TAIPEI: A growing number of consumers in Asia are using three or more devices, with one in five doing so in markets such as Singapore, Australia and the Philippines, research has shown.
A report from Appier, a company applying artificial intelligence (AI) to cross-screen technology, analysed 490bn data points from its own database covering campaigns in Australia, Hong Kong, India, Indonesia, Japan, Malaysia, the Philippines, Singapore, Taiwan and Vietnam to assess user behaviours across PCs, smartphones, and tablets in ten key Asian markets during the first half of 2015.
This found that users with three devices are setting the trend for multi-device ownership in Asia, as the proportion of such users increased 10% on the second half of 2014.
In most markets surveyed, nearly 40% of multi-screen users were operating more than three devices, with Singapore (21.2%), Australia (20.8%) and the Philippines (20.8%) boasting the highest percentage of three-device users.
Japan (32.7%), Taiwan (25.7%) and Malaysia (24.8%) claimed the biggest percentage of multi-device users operating more than four devices.
Chih-Han Yu, CEO and co-founder of Appier, noted that marketers were no longer approaching cross-screen and cross-platform advertising as an option, "but rather as a top priority".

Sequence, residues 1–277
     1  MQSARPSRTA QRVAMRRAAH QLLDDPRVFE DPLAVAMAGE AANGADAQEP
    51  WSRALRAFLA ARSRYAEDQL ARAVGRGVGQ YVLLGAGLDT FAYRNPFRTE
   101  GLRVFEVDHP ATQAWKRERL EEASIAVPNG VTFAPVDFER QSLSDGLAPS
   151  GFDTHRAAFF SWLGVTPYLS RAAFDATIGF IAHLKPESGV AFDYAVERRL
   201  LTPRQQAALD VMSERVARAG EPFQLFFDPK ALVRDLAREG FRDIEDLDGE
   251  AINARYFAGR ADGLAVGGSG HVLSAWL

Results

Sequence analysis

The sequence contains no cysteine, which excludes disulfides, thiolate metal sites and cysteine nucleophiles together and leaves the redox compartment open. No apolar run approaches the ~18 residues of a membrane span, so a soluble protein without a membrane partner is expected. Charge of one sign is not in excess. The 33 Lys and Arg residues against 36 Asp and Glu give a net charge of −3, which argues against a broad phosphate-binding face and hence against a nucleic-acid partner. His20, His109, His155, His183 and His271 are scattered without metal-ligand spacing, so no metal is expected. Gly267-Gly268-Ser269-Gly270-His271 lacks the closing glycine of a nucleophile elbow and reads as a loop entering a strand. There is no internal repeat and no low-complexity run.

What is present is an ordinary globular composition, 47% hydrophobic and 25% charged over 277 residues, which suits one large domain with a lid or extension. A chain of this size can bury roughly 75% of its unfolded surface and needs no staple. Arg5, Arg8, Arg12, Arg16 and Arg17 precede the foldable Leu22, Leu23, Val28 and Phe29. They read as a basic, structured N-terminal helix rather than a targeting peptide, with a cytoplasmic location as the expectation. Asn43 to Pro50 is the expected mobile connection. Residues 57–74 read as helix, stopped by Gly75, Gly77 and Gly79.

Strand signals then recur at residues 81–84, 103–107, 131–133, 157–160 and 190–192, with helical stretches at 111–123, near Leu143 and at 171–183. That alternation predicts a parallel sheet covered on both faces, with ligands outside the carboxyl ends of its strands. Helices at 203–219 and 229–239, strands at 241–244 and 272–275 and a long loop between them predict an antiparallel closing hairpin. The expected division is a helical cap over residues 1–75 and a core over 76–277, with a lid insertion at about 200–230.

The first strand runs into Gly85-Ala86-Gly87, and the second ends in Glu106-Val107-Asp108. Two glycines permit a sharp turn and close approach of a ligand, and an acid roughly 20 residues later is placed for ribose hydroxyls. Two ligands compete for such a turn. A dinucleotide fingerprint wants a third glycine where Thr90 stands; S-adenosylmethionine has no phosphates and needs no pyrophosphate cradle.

But an already complicated task is made more so by the greater complexity in cross-screen user behaviours.
Forty-three percent of multi-screen users in Asia, for example, exhibited vastly different behaviours while interacting with online ads on different devices, up from 38% in the second half of 2014, while around 25% displayed similar behaviours.
Screen size is the major determinant of behaviour, with, for example, users generally showing more interest in retail ads on large phones and small tablets while retail interstitial ads achieved a better response on small phones and large tablets.
The study also highlighted "Golden Wednesdays", a day when the highest usage was observed across devices and the highest number of reachable unique devices was generally recorded.
In addition, Mondays, Tuesdays and Sundays were all good days for advertisers to pique the interest of active users, although males were more active than their female counterparts across devices.
Data soured from Appier, Jakarta Post; additional content by Warc staff